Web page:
How Can I Shield My Smart Meter Cheaply?
As the video above shows, aluminum foil shields well – but I am sure if the RF meter is moved into different positions (taken out of the direct line trajectory) it will pick up radiation readings. Note: This video merely demonstrates the effectiveness of aluminum foil. This is NOT how to shield a building from the output of a smart meter, this set up would be more effective in shielding the street! And because this meter cannot measure short pulses it is not the ideal meter to use for measuring smart meter radiation.
For a more effective shielding solution, go down your local scrap yard and pick up an old Satellite TV dish (the bigger the better), this will give a nice parabolic shape on which you can stick your shielding material. Then cover with aluminum foil making sure you overlap and double fold the seams. Using an RF meter you can then move the dish into different positions (always positioning it between the smart meter and your home) checking your radiation readings inside your home to ascertain the position which offers optimum shielding.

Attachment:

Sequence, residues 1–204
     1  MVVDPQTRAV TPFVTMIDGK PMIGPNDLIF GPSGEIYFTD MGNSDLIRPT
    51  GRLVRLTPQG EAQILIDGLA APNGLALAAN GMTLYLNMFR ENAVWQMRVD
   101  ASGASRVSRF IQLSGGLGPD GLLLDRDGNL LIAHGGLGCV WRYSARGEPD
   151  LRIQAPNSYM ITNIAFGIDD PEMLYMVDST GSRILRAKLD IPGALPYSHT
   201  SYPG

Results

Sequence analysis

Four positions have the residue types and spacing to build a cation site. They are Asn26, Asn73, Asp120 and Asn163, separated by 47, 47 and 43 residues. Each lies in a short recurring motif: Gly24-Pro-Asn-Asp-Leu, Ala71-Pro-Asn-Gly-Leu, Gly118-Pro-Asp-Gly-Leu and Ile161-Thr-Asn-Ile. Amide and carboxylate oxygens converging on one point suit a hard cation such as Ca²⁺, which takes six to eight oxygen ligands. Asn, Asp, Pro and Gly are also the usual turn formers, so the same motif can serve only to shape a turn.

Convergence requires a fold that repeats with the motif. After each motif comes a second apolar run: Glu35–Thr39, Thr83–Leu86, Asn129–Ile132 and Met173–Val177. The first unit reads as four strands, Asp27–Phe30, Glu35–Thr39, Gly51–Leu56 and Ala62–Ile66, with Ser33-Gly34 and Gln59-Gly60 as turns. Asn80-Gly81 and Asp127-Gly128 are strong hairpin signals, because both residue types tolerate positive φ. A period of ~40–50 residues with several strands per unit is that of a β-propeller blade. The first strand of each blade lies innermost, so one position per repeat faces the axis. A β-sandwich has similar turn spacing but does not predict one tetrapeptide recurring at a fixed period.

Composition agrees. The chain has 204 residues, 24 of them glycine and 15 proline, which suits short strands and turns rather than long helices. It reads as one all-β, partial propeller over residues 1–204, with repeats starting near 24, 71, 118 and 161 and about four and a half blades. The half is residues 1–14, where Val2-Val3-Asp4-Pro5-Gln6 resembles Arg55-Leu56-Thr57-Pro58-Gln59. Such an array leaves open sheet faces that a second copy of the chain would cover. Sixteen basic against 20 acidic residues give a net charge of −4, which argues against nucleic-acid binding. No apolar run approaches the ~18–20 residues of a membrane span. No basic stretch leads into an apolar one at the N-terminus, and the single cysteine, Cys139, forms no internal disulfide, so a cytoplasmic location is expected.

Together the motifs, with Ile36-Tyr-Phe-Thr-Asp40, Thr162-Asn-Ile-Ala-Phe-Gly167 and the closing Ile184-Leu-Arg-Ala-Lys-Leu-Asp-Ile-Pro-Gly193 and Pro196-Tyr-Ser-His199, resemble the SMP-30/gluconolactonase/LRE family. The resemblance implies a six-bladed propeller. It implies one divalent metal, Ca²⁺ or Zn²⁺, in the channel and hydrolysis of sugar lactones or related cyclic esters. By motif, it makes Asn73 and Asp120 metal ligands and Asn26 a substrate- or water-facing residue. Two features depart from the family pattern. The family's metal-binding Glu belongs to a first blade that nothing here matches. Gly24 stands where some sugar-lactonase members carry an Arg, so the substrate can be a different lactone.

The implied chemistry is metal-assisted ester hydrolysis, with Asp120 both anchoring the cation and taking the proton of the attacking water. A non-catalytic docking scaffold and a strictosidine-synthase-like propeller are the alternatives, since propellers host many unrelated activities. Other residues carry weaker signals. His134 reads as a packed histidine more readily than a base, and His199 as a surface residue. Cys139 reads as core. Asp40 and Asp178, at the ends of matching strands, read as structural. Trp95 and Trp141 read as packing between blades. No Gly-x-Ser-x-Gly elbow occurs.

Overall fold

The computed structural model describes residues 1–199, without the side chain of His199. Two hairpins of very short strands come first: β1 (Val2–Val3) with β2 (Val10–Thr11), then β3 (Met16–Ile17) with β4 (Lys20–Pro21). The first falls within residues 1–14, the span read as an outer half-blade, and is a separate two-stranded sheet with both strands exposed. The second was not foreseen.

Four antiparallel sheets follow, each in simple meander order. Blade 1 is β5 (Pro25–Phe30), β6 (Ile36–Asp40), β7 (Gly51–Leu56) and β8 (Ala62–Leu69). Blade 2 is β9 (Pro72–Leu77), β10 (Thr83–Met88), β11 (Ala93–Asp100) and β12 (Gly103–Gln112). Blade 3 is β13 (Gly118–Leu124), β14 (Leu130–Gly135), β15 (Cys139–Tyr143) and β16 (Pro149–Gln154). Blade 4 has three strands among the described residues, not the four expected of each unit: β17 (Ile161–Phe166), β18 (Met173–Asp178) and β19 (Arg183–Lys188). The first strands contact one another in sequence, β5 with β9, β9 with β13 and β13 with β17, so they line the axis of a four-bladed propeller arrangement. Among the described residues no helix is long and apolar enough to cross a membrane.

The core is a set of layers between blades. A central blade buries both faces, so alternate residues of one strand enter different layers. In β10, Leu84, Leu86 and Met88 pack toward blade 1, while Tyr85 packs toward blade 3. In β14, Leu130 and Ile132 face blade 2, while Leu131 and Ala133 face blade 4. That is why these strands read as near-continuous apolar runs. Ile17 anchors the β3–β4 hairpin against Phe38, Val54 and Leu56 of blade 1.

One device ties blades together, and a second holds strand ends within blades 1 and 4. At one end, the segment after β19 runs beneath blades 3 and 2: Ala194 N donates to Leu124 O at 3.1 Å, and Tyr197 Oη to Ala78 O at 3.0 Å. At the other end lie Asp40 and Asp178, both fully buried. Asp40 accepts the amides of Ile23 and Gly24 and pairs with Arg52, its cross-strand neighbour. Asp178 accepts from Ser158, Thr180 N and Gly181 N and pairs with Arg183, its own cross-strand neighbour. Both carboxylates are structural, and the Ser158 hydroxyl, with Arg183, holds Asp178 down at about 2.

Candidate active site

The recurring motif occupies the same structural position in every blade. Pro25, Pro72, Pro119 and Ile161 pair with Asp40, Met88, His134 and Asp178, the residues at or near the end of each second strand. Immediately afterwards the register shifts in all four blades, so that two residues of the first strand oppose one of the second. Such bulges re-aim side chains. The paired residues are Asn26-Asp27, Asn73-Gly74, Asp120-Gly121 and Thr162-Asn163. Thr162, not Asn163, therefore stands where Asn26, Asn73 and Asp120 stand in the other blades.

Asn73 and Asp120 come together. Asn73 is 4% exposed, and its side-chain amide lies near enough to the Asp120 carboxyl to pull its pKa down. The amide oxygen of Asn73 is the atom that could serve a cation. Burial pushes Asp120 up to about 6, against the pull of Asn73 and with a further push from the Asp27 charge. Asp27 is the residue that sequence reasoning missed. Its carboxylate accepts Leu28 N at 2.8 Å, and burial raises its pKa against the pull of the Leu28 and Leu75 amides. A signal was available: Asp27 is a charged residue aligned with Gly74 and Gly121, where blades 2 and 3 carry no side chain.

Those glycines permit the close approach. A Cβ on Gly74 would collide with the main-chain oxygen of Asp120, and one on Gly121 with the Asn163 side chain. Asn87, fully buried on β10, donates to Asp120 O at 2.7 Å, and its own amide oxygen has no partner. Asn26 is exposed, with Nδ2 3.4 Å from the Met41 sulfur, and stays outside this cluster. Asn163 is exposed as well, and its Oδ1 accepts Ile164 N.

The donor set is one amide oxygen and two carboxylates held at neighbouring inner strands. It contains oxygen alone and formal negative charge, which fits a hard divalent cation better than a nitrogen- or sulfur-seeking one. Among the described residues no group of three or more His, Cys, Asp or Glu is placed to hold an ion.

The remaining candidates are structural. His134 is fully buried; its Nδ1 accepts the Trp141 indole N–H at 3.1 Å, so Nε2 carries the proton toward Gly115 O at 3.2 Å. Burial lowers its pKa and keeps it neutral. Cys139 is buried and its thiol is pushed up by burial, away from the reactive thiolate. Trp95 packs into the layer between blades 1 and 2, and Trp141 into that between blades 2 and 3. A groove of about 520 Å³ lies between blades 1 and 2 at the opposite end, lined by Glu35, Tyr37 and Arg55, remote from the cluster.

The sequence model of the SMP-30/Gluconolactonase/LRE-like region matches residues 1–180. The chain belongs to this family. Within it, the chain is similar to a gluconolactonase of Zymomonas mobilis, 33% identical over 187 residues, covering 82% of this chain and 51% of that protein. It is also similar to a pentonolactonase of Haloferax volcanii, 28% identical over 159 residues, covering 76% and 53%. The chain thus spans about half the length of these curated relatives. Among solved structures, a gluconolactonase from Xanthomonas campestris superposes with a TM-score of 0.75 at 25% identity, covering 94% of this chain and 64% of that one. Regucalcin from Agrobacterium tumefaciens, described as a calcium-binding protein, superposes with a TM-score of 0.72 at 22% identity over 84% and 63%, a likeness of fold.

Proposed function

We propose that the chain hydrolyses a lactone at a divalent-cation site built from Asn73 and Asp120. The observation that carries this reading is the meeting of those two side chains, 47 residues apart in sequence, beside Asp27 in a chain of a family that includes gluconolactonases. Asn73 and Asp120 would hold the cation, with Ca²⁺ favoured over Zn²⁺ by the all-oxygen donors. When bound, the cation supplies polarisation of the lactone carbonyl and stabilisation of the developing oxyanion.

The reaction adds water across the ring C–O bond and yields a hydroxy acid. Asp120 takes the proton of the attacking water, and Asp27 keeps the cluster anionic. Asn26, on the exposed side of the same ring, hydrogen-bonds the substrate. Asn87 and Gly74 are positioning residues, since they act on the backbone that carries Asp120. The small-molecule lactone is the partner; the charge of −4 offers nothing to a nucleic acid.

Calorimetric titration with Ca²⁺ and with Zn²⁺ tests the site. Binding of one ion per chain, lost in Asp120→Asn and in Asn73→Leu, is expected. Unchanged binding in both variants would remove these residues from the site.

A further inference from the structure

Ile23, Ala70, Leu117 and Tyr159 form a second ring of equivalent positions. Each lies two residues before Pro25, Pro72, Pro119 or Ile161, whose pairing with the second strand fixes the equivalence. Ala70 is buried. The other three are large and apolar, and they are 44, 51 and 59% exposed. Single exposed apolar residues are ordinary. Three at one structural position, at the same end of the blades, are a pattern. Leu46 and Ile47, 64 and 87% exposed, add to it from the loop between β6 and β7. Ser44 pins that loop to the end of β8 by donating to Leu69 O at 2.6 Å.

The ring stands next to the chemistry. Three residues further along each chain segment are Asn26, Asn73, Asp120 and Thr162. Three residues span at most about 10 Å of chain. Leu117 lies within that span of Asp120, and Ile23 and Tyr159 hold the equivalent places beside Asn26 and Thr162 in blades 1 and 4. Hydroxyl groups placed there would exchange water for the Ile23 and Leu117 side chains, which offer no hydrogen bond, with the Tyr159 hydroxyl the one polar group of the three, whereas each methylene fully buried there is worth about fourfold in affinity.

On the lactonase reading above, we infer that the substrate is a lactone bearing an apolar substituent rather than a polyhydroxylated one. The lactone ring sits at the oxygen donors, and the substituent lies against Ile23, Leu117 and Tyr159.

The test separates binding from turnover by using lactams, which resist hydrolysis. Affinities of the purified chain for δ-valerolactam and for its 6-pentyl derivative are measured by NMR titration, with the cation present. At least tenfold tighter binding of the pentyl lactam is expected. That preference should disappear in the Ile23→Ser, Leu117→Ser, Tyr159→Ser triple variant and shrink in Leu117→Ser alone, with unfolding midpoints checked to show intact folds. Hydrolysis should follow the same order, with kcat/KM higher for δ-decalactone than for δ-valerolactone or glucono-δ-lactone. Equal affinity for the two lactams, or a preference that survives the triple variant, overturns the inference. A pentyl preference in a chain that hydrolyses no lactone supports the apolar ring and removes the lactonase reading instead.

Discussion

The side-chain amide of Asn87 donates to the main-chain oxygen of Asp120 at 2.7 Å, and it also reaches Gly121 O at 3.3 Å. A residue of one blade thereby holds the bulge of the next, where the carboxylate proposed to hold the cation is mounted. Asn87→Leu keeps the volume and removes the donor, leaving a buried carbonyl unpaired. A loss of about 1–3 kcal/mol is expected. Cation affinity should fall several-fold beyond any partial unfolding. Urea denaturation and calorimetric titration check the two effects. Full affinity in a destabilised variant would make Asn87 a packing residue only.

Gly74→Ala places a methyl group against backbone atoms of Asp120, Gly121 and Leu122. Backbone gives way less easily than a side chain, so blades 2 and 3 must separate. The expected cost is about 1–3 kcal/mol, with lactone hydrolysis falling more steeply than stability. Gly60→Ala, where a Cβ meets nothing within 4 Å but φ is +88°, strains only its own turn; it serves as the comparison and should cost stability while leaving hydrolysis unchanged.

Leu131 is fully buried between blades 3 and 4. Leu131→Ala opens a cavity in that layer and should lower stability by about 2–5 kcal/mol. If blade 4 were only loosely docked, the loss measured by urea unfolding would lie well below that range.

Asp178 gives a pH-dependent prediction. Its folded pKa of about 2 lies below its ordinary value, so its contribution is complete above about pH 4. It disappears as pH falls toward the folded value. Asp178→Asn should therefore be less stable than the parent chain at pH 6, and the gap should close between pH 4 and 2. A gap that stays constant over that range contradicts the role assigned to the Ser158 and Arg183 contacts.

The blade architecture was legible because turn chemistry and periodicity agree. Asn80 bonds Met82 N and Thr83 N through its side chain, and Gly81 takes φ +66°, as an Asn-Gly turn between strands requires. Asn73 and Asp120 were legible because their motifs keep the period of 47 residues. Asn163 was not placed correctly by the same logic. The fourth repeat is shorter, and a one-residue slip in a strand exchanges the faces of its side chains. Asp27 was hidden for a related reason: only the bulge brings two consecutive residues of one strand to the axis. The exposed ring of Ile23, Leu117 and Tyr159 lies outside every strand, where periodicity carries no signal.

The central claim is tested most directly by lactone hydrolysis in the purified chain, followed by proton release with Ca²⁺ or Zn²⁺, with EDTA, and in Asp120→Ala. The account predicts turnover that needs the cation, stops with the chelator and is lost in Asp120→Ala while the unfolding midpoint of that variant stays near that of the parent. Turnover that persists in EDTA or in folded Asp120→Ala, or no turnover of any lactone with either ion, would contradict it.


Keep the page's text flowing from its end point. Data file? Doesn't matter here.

This solution will not be possible where your smart meter is installed on an outside wall of your living accommodation, in which case it will probably be necessary to shield the wall.
However you shield you are strongly advised to ground properly. Without proper grounding the effectiveness of your shielding is likely to be greatly reduced.
It is difficult to understand why are utility companies are so intent on installing wireless smart meters when smart meters could do just the same job but much more safely by being connected to a regular telephone line.